Related: enrico, enrico fermi, fermi, atomic energy, hydrogen bomb
  • Fusion - 1,354 words
    Fusion Fusion reactions are inhibited by the electrical repulsive force that acts between two positively charged nuclei. For fusion to occur, the two nuclei must approach each other at high speed to overcome the electrical repulsion and attain a sufficiently small separation (less than one-trillionth of a centimeter) that the short-range strong nuclear force dominates. For the production of useful amounts of energy, a large number of nuclei must under go fusion: that is to say, a gas of fusing nuclei must be produced. In a gas at extremely high temperature, the average nucleus contains sufficient kinetic energy to undergo fusion. Such a medium can be produced by heating an ordinary gas of ne ...
    Related: fusion, magnetic field, different types, thermal energy, alpha
  • Fusion - 1,323 words
    ... eating, and the onset of nuclear fusion. The situation in star formation differs in one respect: after gravitational collapse ceases and star begins to expand again due to heat from exoergic nuclear fusion reactions, the expansion is arrested by the gravity force associated with the enormous mass of the star. In a star a state of equilibrium in both size and temperature is achieved. In ICF, by contrast, complete disassembly of fuel occurs. The fusion reaction least difficult to achieve combines a deuteron (the nucleus of the deuterium atom) with a triton (the nucleus of a tritium atom). Both nuclei are isotopes of the hydrogen nucleus and contain a single unit of positive electric charge ...
    Related: fusion, nuclear fusion, high power, greenhouse effect, shock
  • Fusion Energy - 860 words
    Fusion Energy A fusion reaction is one in which two atomic nuclei merge to form a heavier nucleus. this is the process that happens in in the stars. In average stars, like the sun, the process of fusion is converting hydrogen nuclei (or protons) into helium nuclei. There is an enormous amount of kinetic energy and gamma rays released in this process that heat the star's interior, and this realease is what maintains it at the extreamly high temperatures (greater than 10 million K) required to continue the fusion. This process has been making the stars go for billions of years has clear potential as a power source on earth. Once we have started the reaction, Fusion requires no energy and reale ...
    Related: energy source, fusion, kinetic energy, western united states, nuclear weapons
  • Greek Fire - 698 words
    Greek Fire GREEK FIRE The original Greek fire was an invention used as a weapon of the Eastern Roman Emperors. It is also said to have been invented by a Syrian engineer, one Callinicus, a refugee from Maalbek, in the seventh century. The Byzantines of Constantinople originally used it. But they never used the term Greek fire because they claimed to be Romans, and never called themselves Greeks. It was like an insult to them because in their times to be Greek was to have a bad reputation. The Greek fire was first time used in the war of seven years. In which the Arabs established a naval base on the peninsula of Kyzikos. This was on the second attack of a battle started by Theophanes. On the ...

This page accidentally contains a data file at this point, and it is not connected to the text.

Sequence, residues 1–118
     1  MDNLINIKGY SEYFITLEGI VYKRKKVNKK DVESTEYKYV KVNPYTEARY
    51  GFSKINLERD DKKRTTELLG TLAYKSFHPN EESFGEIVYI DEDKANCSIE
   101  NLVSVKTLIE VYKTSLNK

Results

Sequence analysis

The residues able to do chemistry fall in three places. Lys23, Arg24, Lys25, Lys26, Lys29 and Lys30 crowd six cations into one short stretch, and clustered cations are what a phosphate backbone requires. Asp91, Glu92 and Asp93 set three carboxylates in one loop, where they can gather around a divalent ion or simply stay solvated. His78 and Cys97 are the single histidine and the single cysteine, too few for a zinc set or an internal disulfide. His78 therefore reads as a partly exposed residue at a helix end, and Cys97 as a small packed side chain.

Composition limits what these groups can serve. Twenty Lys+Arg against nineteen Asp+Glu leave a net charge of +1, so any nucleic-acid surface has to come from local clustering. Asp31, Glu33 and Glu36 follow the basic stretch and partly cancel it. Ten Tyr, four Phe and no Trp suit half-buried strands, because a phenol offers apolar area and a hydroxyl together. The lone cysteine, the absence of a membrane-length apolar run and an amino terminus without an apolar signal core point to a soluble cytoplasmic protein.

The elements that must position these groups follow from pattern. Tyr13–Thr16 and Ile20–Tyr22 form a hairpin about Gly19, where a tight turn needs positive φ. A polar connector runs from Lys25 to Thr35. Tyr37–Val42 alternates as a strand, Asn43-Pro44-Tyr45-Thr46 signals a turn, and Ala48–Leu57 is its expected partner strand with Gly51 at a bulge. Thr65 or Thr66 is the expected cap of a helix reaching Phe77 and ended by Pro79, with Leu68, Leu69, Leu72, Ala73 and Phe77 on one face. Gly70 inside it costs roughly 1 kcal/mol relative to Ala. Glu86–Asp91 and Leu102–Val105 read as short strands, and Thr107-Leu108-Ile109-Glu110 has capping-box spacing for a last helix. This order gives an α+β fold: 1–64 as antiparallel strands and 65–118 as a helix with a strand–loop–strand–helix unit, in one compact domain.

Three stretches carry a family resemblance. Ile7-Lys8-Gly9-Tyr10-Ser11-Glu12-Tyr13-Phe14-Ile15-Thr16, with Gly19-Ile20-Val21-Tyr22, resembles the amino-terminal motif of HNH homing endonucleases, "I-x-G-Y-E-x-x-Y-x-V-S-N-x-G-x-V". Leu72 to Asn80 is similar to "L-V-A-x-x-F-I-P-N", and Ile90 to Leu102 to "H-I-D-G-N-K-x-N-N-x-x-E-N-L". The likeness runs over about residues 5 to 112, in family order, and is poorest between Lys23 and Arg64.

Related: greek, constantine the great, emperor constantine, hydrogen bomb, louis
  • History Of Chemistry - 1,607 words
    History Of Chemistry History of Chemistry Introduction: Humans have always been very curios creatures. The have always wondered about what they are and why they are here. Our limited knowledge of the environment has always urged for new things to be discovered. The desire to understand the world better has made people search for rational answers, for principles and laws. For centuries people have tried to unlock the mysterious world that surrounds them. History: Because myths did not explain things well enough the Greeks began to ask questions about the world around them. They did this so thoroughly and so brilliantly that the era between 600 and 400 B.C. is called the golden age of philosop ...
    Related: chemistry, history, modern chemistry, little book, golden age
  • Howl And Kaddish By Allen Ginsberg - 1,256 words
    Howl And Kaddish By Allen Ginsberg As you read the first lines of "Howl" and "Kaddish", the overall tone of the poem hits you right in the face. Allen Ginsberg, the poet, presents these two poems as complaints and injustices. He justifies these complaints in the pages that follow. Ginsberg also uses several literary techniques in these works to enhance the images for the reader. His own life experiences are mentioned in the poems, the majority of his works being somewhat biographical. It is said that Allen Ginsberg was ahead of his time, but in fact he was just riding the wave of a literature revolution. The decade of the 1950s was a time of change. America and the world was experiencing a t ...
    Related: allen, allen ginsberg, ginsberg, howl, staten island
  • In 1954, Many Barriers Were Broken That Made This A Year Of Success One Of The Major Achievements Is The Cure For Polio Being - 482 words
    In 1954, many barriers were broken that made this a year of success. One of the major achievements is the cure for Polio being discovered which saved many lives and made the disease extinct. Other successes include the revolution of music and the birth of Rock & Roll. Other achievements this year were the invention of the first 2-seated sports car, the corvette, and the beginning of the Sports Illustrated magazine. During this year, RCA also produced the first color television where families could watch shows such as the Nelsons and the Show of Shows. Swanson also made the first TV dinners that families ate while they watched TV. One of the major barriers that were broken was the invention o ...